How much will bankruptcy hurt your credit scores?

DrowningA reader whose credit scores have already been badly damaged by late payments and charge-offs had a question: How much more would her scores drop if she filed for bankruptcy?

For years the creators of the leading FICO credit scoring formula were a bit vague about the answer, saying only that a bankruptcy filing is “the single worst thing” that can happen to your scores.

Three years ago, though, the FICO folks provided a peek into how the formula treats a bankruptcy filing as well as other major negatives. You’ll find the post that covers that topic on FICO’s Banking Analytics blog. I go into more detail about this in my book “Your Credit Score,” but you’ll see that, indeed, the impact of a bankruptcy is bigger than that of other negatives. As with other black marks, a bankruptcy hurts already battered scores proportionately less than it does those with higher scores. But in the three examples given (people who started with scores of 680, 720 and 780), everyone ended up in the low to middle 500s. Not a great place to be. Futhermore, it takes years for credit scores to recover. To get back to “good” credit of 720 and above will take 7 to 10 years.

So does that alone mean people should avoid bankruptcy? Heavens, no. Bankruptcy puts a legal end to collection efforts and the ongoing damage unpaid debts can do to your scores. If you can get your act together and start using credit responsibly after a bankruptcy filing, you can start to rebuild your scores immediately. If you continue to struggle with un-payable debt, you may never be able to rehabilitate your credit.

Obviously, if you can pay your debts, you should. Many people who can’t wind up doing themselves more damage, and throwing good money after bad, in vain struggles to pay their bills. If you’re falling behind and can’t see how you’ll catch up, you’d be smart to at least talk to a bankruptcy attorney about your options.




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  1. Goalie Coach says

    I am sorry I do not agree with the reasons you give for bankruptcy. Unless there were medical situations no one should just dump their debt because it is just not worth paying… Debt does not appear like magic any more than litter just suddenly appears… Someone pays for that debt… You get fired from your job and continue to live like you did what is that? It is fraud. People go to jail for fraud.. I speak from experience.. I am no one special I sure don’t write money blogs but I never lost my house or had a car repossessed.. I lived ok and raised 3 children with one going to college… How? By working 3 jobs at times. Being frugal and paying attention to addressing the bills we did have… The American dream is what you make it not what TV says it is.. When you are given things you don’t appreciate them like you do when you EARN them… No one owes anyone happiness or financial freedom.. and you should not get a mulligan for being selfish or stupid… Deal with life and grow up…

    • Liz Weston says

      I had similar views but after more than a decade of researching bankruptcy issues, it’s become clear to me that most people seek bankruptcy protection far too late. Yes, some people should have been smarter, but most don’t go into debt expecting to walk away from it, and by the time they realize they’re in trouble there’s no good alternative other than bankruptcy. Continuing to struggle with un-payable debt, as many do, is pointless. Bankruptcy laws exist to give overburdened people and companies a fresh start.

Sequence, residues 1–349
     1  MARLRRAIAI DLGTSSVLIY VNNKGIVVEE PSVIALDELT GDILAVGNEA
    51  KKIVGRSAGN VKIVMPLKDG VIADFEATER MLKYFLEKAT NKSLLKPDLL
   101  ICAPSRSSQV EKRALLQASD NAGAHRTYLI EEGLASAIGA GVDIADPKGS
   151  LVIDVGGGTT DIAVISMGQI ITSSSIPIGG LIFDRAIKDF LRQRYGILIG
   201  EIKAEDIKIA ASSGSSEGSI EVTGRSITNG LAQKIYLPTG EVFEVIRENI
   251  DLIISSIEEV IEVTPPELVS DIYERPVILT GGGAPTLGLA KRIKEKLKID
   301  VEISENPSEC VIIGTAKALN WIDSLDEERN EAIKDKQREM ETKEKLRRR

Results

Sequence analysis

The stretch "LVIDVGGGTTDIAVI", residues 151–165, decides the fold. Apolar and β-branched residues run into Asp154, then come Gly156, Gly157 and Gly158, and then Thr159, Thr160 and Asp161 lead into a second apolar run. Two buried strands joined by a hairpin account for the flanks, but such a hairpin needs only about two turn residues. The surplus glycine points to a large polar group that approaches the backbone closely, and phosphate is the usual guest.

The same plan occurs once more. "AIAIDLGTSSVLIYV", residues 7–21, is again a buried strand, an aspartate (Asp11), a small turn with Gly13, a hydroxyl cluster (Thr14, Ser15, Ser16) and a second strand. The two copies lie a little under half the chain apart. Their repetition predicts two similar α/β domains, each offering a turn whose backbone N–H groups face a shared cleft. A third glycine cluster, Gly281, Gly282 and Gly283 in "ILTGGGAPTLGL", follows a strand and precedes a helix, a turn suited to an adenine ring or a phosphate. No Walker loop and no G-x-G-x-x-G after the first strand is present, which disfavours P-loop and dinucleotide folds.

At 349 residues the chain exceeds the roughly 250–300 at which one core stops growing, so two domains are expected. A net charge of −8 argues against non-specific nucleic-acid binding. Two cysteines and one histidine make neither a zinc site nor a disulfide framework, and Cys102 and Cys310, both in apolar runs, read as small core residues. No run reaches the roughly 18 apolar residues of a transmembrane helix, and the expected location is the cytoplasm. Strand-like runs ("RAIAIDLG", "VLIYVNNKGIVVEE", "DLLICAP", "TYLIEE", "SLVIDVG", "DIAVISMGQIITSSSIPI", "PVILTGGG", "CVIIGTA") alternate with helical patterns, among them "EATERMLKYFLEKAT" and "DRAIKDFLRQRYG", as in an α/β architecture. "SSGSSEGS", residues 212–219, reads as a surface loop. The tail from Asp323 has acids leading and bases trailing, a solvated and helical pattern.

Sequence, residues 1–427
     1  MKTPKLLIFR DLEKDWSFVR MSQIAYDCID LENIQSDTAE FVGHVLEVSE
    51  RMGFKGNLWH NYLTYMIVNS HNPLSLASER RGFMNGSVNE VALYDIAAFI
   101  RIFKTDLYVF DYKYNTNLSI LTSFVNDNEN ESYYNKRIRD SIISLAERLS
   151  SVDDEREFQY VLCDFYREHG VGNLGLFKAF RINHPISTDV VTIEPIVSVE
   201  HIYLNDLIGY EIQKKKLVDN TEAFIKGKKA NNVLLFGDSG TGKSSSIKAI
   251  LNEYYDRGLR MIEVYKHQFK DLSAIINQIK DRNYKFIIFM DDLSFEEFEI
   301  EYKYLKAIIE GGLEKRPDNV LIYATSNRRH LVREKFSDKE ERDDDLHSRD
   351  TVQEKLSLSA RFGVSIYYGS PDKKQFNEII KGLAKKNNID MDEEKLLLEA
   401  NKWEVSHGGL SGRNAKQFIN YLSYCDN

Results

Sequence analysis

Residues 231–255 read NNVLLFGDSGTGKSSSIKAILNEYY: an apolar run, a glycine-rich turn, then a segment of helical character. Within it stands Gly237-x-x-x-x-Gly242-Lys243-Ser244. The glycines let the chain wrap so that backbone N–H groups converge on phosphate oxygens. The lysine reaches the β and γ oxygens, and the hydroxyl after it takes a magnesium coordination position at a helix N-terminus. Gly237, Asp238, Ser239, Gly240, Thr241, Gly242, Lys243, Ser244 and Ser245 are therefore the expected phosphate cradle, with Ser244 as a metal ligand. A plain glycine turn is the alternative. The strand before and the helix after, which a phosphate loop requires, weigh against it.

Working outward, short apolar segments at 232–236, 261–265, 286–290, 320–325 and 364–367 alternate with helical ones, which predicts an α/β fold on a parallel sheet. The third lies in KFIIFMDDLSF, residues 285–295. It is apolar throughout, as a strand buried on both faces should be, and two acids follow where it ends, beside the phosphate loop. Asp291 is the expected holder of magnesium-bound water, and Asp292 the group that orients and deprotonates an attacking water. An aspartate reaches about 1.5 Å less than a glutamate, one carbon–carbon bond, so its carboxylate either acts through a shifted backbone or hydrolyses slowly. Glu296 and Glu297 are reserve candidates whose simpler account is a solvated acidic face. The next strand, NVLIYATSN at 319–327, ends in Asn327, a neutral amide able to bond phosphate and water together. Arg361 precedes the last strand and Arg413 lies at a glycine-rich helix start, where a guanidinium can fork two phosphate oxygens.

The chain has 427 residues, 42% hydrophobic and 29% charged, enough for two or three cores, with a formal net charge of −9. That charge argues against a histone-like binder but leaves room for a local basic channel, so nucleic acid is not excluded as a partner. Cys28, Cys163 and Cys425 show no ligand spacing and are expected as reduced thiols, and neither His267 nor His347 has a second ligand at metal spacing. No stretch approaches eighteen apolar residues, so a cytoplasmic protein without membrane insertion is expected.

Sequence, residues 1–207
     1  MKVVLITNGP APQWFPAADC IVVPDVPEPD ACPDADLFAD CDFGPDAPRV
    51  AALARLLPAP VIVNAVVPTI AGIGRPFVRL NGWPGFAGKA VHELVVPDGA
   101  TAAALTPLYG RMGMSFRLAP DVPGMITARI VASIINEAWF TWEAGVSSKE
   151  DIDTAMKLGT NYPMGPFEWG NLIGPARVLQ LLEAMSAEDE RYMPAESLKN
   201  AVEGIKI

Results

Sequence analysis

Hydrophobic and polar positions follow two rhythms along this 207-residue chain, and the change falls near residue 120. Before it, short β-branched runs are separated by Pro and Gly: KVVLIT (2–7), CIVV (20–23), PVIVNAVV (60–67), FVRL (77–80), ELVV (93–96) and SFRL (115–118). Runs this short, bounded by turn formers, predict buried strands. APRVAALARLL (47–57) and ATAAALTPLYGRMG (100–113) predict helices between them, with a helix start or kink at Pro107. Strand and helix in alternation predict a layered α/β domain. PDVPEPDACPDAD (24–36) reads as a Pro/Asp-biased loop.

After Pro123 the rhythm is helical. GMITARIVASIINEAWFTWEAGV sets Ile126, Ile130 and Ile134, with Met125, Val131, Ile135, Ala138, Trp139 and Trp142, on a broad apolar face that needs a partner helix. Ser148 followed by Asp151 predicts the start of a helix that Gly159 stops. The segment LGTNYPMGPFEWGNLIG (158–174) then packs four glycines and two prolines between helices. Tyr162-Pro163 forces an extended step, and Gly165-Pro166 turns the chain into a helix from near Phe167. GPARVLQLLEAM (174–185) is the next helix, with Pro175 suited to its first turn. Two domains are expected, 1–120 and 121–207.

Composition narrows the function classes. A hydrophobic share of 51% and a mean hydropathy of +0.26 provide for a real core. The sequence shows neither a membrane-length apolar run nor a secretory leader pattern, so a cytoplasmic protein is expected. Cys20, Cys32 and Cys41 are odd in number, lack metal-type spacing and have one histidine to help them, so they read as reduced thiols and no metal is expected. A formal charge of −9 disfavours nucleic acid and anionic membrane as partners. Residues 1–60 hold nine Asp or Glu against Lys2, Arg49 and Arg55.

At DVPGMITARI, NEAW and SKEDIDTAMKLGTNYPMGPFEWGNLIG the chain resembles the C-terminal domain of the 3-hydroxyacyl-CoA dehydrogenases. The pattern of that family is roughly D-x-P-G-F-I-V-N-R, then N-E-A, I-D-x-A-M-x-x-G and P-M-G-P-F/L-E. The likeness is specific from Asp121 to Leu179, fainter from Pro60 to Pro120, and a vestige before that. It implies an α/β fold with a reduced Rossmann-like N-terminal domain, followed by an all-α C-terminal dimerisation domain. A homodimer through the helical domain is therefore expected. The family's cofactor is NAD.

2. Goalie,
    Most people do not intend to walk away from debt. Sometimes there is no other way out
    A person may have great credit in fact we did for years
    We purchased two brand new dodge pickups on credit card because the rates were so much better than a bank.
    We had cards that ran from 0 to 7% interest
    Some of these cards we would pay off and then run back up to high amounts
    Never gave it a thought
    The fanny and fredy fiasco hit
    My very good credit cards went from the 0 to 7 to a straight 29 %
    We still handled them it was struggle. Then the minimum payments started going up each month. One card at 29% was running 65.00 a month when I quit paying on it 6 months latter it was at 275 a month.
    Another card we had was at 125 it went to 450 in a 3 month period
    It appeared if I sent more than the minimum payment they would raise the payment by nearly that much
    It did not matter that we had been card holders for 15 years with outstanding credit and that we had payed them off over and over .
    The rates would not get lowered
    I had two card companies told me the best advice they could give was quit paying and file bankruptcy
    In six months our payments (keep in mind I always paid two payments at a time on each bill ) went from roughly 375 a month to over 1800 a month just for minimum payments which was more than double and still at 29%
    We finally had no choice as I had depleted my 401k trying to keep everyone payed
    You have been fortunate that there has never been a disaster come along that has cost you.
    We saw an attorney and was told to wait and if actually sued then file bankruptcy
    Doctors/hospitals are not beyond being hard nose either. You miss a payment and it goes over 30 days they send it to a collection agency .Even if you pay all of it off with a first notice they will not remove it from your credit .It shows as a late pay turned over to collections
    Bankruptcy is a last resort as you could end up paying more than what you would by not filing. We would have to pay like 1200 a month which was not of any help and that was for 5 years
    The wife and I had good jobs so we were stuck with a high payback which really would not help us
    People really need to look at the options as bankruptcy does not always turn out to be the best